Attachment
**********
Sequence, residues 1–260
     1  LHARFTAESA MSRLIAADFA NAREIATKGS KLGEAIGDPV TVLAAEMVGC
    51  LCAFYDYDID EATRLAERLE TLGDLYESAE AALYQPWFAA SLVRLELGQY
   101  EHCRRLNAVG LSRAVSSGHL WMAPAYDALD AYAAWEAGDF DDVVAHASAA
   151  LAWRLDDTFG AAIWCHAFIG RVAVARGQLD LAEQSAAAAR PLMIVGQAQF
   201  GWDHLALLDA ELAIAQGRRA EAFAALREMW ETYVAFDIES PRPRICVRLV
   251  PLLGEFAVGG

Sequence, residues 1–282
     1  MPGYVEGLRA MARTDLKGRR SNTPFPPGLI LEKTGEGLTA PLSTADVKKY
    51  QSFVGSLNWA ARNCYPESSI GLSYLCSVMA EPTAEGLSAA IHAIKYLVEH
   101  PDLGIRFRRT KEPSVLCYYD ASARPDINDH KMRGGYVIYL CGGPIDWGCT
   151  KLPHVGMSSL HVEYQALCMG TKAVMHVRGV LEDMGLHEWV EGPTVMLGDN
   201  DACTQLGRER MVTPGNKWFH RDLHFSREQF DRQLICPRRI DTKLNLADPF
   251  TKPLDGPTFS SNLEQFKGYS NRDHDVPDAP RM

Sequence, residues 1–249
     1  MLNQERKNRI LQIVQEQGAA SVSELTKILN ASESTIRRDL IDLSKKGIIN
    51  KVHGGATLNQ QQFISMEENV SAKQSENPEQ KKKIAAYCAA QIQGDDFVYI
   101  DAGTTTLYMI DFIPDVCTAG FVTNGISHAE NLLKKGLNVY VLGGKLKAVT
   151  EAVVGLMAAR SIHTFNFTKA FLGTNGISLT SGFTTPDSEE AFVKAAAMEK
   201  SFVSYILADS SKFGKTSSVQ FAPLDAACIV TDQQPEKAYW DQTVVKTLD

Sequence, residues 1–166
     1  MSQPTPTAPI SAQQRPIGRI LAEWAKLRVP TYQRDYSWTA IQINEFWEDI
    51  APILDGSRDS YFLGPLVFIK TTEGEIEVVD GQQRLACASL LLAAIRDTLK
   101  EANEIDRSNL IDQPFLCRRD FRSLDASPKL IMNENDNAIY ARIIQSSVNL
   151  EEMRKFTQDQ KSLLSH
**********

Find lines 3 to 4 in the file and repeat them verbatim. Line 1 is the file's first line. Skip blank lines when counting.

    51  LCAFYDYDID EATRLAERLE TLGDLYESAE AALYQPWFAA SLVRLELGQY
   101  EHCRRLNAVG LSRAVSSGHL WMAPAYDALD AYAAWEAGDF DDVVAHASAA